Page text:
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How to improve your diet at work

Your body needs fuel.

Crap in = crap out. Well, technically everything you put in = crap out, but you know what I mean.

If you put lots of processed food (or God forbid the current most vilified product – sugar) into your body you will be functioning at sub-optimal physical and mental performance. You’re not giving yourself the chance to operate at full capacity.

I don’t mean running a mile in under 6:30, I mean those mid-afternoon energy slumps. Those lethargic starts to the day where it’s 10am before you really wake up and get going. Those meetings or conference calls where you struggle to maintain your focus and attention on the task at hand.

If this sounds familiar it could well be down to your diet. What you put into your body has a direct impact on your energy, mood, stamina and focus to name a few.

We all want to be better versions of ourselves. To improve on yesterday. To make gains and progress. If you’ve been struggling with this recently it could be down to your diet and / or eating habits.

I found myself talking to a colleague Paul Skeggs about this quite a lot recently so we decided to write a post about it. This is what he said:


A normal day for me used to be a very light breakfast at 5:30am, and then nothing until about 12 – that’s seven hours between eating. By 12 I was already feeling the slowdown, so I’d eat a big lunch, leaving me feeling bloated, then top up with sugary snacks during the afternoon before an evening meal at about 7pm. But by the time the evening meal came around I had zero energy so I’d take an easy option and do something quick and unhealthy just because I was hungry.

In short I used to eat what I wanted (usually crap), when I wanted, with no real structure or thought.

I’ve recently taken to seeing a personal trainer to help me with my goal to lose weight, and as a result I’ve been set the challenge of looking at my diet and specifically increasing my protein intake. After I got over the initial thoughts of “fad” and “gym bunny advice” I’ve been really paying attention to what I’m eating, and more importantly when.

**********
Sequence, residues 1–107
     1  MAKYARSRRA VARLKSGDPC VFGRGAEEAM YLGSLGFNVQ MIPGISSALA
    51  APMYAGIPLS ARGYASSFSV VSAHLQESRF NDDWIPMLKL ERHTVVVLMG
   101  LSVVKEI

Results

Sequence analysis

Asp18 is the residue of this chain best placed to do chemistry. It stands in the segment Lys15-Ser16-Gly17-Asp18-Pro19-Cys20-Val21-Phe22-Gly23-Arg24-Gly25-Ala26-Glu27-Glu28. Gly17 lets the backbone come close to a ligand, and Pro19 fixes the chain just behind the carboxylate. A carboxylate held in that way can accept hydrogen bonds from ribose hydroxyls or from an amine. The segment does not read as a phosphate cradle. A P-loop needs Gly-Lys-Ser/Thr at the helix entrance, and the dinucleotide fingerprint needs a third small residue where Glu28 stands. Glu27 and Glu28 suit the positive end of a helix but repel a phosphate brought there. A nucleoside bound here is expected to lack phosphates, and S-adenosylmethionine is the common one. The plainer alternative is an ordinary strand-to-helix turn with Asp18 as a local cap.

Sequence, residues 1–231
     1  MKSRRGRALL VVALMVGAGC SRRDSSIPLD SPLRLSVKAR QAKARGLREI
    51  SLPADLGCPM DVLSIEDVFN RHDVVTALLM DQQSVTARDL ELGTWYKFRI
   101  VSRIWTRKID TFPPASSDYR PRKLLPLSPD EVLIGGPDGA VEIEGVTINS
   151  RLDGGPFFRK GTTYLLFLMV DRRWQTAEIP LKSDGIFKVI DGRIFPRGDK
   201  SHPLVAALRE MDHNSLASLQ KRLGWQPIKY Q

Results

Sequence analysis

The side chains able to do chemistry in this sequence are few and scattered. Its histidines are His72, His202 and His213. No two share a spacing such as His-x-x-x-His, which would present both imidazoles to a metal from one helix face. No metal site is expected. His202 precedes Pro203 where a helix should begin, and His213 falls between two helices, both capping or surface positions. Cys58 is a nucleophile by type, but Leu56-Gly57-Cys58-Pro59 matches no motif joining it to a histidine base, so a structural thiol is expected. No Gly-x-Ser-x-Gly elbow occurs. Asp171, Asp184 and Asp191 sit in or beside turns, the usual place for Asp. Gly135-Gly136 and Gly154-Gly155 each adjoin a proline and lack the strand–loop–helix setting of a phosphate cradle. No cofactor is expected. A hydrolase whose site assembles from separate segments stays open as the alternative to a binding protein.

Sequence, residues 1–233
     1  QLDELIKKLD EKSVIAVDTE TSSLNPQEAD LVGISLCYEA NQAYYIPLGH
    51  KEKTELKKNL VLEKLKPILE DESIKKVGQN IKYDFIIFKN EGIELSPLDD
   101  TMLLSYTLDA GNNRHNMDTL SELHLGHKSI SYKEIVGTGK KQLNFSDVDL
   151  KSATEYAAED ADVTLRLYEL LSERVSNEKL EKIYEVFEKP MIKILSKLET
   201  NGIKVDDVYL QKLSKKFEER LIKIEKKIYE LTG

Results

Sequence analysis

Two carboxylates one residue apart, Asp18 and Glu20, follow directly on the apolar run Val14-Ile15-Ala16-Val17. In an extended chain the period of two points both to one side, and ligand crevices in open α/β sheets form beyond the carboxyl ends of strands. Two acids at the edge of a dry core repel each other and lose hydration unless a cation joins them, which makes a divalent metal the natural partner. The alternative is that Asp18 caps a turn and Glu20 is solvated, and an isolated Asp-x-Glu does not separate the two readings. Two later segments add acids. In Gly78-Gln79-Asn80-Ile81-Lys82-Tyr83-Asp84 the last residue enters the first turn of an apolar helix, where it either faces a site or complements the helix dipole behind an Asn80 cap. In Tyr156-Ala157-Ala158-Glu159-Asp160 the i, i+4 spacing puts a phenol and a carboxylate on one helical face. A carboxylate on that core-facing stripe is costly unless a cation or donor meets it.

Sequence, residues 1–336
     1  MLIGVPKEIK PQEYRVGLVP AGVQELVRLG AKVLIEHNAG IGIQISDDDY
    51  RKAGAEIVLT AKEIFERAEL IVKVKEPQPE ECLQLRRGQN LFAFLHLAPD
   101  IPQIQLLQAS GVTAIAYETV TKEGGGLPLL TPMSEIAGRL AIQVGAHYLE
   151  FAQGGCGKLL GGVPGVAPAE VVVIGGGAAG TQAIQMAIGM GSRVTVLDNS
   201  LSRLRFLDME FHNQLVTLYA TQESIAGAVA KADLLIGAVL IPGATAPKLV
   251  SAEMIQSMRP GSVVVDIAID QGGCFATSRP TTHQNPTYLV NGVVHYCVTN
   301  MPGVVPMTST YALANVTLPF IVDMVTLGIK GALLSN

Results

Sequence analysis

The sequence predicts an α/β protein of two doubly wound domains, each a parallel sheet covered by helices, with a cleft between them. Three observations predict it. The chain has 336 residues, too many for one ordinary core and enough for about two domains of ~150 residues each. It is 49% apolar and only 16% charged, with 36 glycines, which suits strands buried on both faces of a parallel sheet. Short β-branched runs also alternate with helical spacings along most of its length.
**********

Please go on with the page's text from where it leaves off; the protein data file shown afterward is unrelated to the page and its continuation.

Out went the snacks of chocolates, crisps, and soft drinks. In came protein shakes, nuts, beef jerky, chicken pieces, fruit and water. I’m a really fussy eater, but surprisingly I find myself spoilt for choice.

I find myself feeling fuller for longer and I get to the end of day still alert.

Now a typical day looks like this, breakfast (usually eggs and bacon) at 5:30, a juice and a handful of nuts at around 8:30. Lunch at 12 – rotisserie chicken, spinach with sage and onion stuffing, followed by a protein snack or fruit at 2, and protein shake at 5 before heading home. Dinner is usually around half 7, and will be steak, chicken or fish with steamed veg and rice. All this and my calorie intake is about 2100 per day.

How easy is it to make these sorts of changes? It’s taken me a while to get to this point. Small changes over a period of weeks, and I’ve had to get used to green things like spinach, kale and broccoli. But you know what, once you get over the initial assault on your taste buds, it’s not so bad.

This has had a clear impact on me in several ways.

  1. I’m making progress in losing inches where it count

  2. I can see through a long day without flagging mid-afternoon (where once a sugar craving would kick in)

  3. My energy levels in the gym have increased in leaps


As Paul has seen, making small changes can make a big difference, but poor eating habits are incredibly commonplace in office environments. We see it everyday, so here’s our top 11 tips to help you improve your diet at work…

1. Avoid vending machines – you’ll never find anything healthy or that will fill you up for long, only stuff that will cause a short term spike in your blood sugar, followed by the inevitable low, followed by the craving for more sugar.


If like me you work in a cashless office and everything is done via your access card then avoid temptation by not putting any credit on it.

2. Find a healthy snack you like and enjoy – there are plenty of options out there, fruit (fresh or dried), veg, nuts, seeds, Biltong (The Naked Ape is my favourite), Loveraw organic bars (use this code for a 15% discount), Quest bars. You might notice lots of these contain high protein content, as was the advice Paul got from his trainer – but what’s the big deal with protein?